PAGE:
18. Thanks for the info.. I looked at one program for the Blackberry that said it was a $4.99 monthly charge.. don't know if that was just that specific app, or the way they all worked. I have only maintained BB, never owned one. Good note about the carriers, I would have to take the phone back if I found that this was the case after buying it. Adding Waypoints is one thing that I always wondered about. I know that a normal GPS is kinda based around the ability to dynamicly add waypoints, but I didn't kow if many apps would give that ability. Windows Mobile is a bit old, I can't argue with that. I hope that Windows Mobile 7 (based off of the Windows 7 system) will be a large update to the system. I have a Win Mobile app right now for my old Blackjack, and it really is a text app that allows me to track info and download a list of caches. I have always liked Google, and hearing the Andriod is being accepted so quickly really is a good sign. There are a few apps already for Geocaching on the Andriod phones that look pretty good.
  19. I know that the Palm is a decent system, but with them being out of the game for a bit, they are going to take a while to get 'good' apps out. While other systems like Blackberry, iPhone and even Windows Mobile have been around for a while and should be a lot faster with new stuff that is worth getting. Windows Mobile is going towards more touch screen devices, as most of them are, and they have a long history of programming already. Andriod has apparently made it very easy to write apps for their phone, as another thread in here has talked about, and it makes me wonder about that phone too..
  20. I know that there are a mix of programs for different phones, and since I am thinking of upgrading my phone soon, I thought it would be worth it to look into doing some geocaching with it too.. iPhone - Great geocaching program, but the cost is a bit high for phone, data, application, etc. Blackberry - nice system, but then I have to deal with Exchange compatability, and Geocaching programs are all paid per month. Andriod based phone - Great idea of system, many different programs, but limited carriers.
  21. So, what town are you in, or what is nearby? I may be interested in picking up a few, but shipping is always a killer.
  22. It does tell the ID, the terrain & diff. It also shows the size of the cache. As for showing the extra few caches on the screen, if you hit the big button 21 times, you're right back where ya started. (20 caches, plus home). or, just hold it, & it'll start the cycle over again! Some of that fits with my comment of not owning one, From the display I didn't see any screenshots of the details of the cache. Good to know that it does show that info. I did however hear someone say that it doesn't show the name, which I feel is almost as important as the ID. I think that scrolling through one at a time works, but I think it would be better to use the full screen display and see a list rather then one at a time. Maybe that is just a preference of mine. As for Maingray's comment, There may be GPSes that can handle more waypoints, but I don't know of any that I have seen that handle more then maybe 5000 max. I could be wrong, but if so, what is the cost of those types of devices.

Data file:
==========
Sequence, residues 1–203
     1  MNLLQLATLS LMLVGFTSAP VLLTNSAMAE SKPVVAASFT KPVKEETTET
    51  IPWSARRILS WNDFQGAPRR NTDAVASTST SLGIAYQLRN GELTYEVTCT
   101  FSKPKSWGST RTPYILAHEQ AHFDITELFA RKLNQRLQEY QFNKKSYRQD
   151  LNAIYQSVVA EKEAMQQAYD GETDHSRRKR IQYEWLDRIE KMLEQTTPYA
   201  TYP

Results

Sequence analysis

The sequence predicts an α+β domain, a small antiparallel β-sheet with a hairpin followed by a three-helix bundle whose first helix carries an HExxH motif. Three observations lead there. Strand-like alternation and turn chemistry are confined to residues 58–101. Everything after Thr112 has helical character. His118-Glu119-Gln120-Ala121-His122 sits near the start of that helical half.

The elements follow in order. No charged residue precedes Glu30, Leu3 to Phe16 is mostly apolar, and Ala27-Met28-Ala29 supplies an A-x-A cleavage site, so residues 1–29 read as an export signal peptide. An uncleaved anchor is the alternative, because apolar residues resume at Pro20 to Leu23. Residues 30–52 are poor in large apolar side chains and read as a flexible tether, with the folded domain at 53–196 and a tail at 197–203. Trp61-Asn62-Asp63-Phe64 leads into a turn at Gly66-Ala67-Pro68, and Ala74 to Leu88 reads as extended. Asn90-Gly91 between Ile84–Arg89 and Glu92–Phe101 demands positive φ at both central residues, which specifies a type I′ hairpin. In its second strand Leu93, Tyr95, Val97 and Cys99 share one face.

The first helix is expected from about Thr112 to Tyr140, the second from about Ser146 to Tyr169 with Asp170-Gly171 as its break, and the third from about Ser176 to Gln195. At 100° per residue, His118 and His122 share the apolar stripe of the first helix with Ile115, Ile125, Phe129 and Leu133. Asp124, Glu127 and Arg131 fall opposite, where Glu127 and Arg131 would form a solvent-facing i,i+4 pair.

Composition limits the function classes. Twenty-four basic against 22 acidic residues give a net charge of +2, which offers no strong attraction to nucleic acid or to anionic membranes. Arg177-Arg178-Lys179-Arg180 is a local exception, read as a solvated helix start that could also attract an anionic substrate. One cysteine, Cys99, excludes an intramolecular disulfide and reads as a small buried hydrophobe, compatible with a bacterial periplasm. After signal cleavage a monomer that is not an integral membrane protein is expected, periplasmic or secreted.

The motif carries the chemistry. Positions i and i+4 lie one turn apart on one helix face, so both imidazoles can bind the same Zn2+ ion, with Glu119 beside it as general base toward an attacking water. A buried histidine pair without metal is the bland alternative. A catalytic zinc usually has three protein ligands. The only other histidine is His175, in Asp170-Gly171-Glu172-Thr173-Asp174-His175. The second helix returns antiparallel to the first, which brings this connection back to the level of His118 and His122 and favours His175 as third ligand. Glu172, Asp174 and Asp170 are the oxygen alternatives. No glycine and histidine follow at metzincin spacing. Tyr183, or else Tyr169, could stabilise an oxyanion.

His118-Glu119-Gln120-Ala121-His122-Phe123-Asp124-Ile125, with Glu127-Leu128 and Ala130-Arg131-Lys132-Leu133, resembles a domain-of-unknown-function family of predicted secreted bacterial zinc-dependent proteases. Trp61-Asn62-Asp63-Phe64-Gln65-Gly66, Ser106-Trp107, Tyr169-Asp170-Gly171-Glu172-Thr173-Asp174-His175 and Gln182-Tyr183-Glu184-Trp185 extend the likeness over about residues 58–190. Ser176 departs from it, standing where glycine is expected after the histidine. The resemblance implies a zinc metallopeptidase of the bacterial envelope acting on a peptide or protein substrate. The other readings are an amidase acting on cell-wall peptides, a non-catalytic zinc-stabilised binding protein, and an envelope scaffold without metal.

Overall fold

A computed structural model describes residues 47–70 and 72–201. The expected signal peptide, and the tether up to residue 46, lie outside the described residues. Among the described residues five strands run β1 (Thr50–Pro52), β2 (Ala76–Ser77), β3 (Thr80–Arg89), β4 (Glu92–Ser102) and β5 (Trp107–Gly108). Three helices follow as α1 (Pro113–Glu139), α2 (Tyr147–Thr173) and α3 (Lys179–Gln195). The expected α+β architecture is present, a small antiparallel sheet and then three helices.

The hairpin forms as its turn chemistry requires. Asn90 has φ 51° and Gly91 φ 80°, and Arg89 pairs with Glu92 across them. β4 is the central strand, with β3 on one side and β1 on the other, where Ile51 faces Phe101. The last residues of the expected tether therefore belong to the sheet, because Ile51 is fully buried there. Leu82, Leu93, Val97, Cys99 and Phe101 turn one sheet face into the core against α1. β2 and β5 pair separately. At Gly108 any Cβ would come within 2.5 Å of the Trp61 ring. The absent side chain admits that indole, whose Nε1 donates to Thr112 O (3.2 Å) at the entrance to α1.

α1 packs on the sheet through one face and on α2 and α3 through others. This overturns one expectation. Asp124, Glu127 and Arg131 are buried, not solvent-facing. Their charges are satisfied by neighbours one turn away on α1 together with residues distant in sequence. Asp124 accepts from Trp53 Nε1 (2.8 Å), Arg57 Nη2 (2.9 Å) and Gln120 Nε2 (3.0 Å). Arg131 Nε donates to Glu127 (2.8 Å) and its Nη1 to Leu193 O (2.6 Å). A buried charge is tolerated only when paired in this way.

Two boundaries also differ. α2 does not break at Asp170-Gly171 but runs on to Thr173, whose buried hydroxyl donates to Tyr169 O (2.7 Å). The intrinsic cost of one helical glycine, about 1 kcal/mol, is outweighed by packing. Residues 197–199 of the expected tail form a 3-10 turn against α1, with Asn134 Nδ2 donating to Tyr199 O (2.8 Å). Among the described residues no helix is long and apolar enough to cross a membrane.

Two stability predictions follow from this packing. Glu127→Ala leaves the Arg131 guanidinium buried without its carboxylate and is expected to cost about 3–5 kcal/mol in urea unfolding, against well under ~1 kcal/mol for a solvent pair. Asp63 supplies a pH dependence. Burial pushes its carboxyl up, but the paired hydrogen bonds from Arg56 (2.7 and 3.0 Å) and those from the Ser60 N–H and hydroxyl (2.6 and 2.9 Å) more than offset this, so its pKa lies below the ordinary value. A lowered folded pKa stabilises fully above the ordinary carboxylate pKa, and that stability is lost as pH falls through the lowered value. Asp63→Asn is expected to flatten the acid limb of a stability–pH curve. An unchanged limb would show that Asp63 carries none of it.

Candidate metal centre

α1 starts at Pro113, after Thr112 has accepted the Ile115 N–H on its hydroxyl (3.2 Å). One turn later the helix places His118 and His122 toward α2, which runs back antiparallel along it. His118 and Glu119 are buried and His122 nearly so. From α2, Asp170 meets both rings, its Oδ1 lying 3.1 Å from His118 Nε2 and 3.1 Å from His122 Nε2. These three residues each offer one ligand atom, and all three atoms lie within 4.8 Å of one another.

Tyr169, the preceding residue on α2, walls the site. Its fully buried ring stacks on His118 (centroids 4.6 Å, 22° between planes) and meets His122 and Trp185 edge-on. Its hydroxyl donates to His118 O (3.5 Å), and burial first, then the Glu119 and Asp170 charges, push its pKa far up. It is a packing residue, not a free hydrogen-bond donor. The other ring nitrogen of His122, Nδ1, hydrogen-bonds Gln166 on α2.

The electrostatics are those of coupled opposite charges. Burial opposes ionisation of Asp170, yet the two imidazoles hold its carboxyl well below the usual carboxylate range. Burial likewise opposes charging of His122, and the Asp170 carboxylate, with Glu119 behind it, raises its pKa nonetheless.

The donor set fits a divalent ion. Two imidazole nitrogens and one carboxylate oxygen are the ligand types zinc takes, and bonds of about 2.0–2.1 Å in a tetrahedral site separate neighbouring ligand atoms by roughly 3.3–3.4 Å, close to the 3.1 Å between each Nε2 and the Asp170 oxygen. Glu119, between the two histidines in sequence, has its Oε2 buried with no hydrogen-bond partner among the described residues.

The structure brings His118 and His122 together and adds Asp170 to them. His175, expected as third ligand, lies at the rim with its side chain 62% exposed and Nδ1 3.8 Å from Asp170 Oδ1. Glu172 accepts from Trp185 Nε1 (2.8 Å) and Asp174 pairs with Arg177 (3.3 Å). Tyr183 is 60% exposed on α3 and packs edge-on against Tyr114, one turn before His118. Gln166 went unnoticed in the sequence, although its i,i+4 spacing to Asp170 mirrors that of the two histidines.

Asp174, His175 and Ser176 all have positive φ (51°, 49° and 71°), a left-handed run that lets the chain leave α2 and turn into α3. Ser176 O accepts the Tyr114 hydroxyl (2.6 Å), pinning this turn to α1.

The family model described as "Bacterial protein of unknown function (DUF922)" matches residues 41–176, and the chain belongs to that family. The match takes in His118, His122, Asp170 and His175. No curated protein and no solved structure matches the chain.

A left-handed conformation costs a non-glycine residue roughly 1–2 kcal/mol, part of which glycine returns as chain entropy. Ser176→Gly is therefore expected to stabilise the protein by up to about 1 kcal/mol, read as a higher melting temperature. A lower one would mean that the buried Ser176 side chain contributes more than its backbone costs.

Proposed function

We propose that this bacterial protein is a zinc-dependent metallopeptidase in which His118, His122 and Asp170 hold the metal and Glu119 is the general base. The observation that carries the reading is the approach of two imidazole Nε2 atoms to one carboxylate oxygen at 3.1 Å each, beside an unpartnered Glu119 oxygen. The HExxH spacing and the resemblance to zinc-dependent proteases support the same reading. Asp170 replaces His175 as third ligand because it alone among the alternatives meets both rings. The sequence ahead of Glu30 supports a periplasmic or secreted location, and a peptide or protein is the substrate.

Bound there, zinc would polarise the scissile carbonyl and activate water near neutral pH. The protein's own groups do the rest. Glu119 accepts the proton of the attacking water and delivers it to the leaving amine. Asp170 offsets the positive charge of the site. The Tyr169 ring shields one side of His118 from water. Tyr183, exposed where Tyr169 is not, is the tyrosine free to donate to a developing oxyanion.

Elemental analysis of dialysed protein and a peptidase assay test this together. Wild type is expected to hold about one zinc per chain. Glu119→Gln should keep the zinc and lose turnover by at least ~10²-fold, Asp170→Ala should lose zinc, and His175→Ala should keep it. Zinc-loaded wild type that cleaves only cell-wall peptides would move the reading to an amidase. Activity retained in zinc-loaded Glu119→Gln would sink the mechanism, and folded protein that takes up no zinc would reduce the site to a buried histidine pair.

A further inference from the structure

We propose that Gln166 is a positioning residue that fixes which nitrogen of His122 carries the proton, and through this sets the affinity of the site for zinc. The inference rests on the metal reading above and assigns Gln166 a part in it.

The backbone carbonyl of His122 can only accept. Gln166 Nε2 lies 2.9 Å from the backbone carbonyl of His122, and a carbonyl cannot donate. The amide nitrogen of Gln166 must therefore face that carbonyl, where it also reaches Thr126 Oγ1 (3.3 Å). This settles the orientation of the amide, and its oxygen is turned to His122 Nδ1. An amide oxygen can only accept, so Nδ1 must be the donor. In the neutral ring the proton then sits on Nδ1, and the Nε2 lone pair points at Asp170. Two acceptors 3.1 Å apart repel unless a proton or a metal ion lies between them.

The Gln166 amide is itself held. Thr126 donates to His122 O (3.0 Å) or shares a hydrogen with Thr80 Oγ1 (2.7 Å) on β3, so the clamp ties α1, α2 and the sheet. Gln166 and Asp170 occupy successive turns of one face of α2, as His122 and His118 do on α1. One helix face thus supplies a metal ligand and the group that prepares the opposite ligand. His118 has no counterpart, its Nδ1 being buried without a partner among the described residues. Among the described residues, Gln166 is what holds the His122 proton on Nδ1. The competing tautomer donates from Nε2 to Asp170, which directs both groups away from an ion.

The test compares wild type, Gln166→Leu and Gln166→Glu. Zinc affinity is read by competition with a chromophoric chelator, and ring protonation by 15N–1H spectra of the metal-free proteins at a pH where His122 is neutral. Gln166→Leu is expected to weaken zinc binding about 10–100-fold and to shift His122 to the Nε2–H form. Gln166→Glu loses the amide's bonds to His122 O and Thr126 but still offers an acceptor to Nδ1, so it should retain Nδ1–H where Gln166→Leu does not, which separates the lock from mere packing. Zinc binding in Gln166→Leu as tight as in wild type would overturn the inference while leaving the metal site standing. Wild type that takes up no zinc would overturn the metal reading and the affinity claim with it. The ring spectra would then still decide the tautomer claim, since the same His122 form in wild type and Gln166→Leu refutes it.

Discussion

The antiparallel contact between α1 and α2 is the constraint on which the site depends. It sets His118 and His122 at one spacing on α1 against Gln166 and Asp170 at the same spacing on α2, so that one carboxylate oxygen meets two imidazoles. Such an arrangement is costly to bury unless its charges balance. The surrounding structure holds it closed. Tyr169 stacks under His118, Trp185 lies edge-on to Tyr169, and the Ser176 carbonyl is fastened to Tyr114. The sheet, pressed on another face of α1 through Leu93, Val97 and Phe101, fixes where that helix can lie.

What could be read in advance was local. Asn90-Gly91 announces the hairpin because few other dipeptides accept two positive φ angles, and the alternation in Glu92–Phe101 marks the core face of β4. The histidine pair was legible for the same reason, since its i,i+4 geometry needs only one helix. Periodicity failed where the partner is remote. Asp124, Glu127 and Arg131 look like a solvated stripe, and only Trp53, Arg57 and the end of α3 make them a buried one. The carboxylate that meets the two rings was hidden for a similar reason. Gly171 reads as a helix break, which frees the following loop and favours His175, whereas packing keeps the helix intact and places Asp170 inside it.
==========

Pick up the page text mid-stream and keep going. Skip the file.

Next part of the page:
23. I will start by saying that I don't have one of these, simply because I can't afford one and already have an Etrex. However if I didn't have an Etrex, then this would have been a great starter for me. From what I have seen of the pictures, and heard from the reviews, it seems there is only a small list of issues that people would change, while the reasons that people like it are getting larger. Some of the key points that make this a good product: Allows holding more waypoints/caches then any other device (that I could think of) Ease of use, not a lot of menus Durability, although not tested much, it seems like it holds up pretty good to drops and such Ability to update, although you have to get a cable it DOES allow it Some of the points that I have read (or thought of myself) that would be good for a GeoMate Sr. Backlit screen full LCD screen, for ease of reading and more text area a wireless connection so you can update without cables (if the ipod and zune can do it, it should be possible in a small pacakage) ability to list nearest caches (show 4/5 on the screen) and be able to get basics of the cache (ID, Desc, Type, Terrain, Diff) Ability of change status of a cache, Select Cache -> Found, Not Found, Cancel Maybe the ability to mark up to 5 custom waypoints, just something so you can keep track of where you have been. One of the biggest differences in this device and other GPSes, is that this doesn't have a map. I would keep it that way (although a map is nice), it keeps the device more basic, and has a specific use of finding Geocaches. Overall it sounds like you have a winner. And if you made a second unit that was a Sr. then as long as you kept some of the key points then I think even at a higher price, it should sell.
  24. As a climber, I think you guys are starting pretty late in the day... Many climbs start at 5 or 6am... Except the big volcano's - they start between 12 midnight and 2am... When you are talking about hikes, are you talking about 10-12 hours? Or longer? I normally look at a long hike as being 6-8 hours, which getting started at 8am or so would give you a good amount of time with time before and after. I think that I just havn't been hiking much to really get a feel for what is a long hike. I will keep an eye on this thread for more info on future hikes, I would love to join you guys.
  25. Your commitment is admirable. I guess I have never been one to get up that early for stuff, I enjoy my sleep to much. Although I am all for a great sunset and relaxing evening. I will say that the calm of the morning when I have been camping is really amazing in some remote locations. I was thinking of trying to setup some hikes in the Columbia River Gorge. There are some AMAZING waterfalls as well as a mix of caches all along the different trails.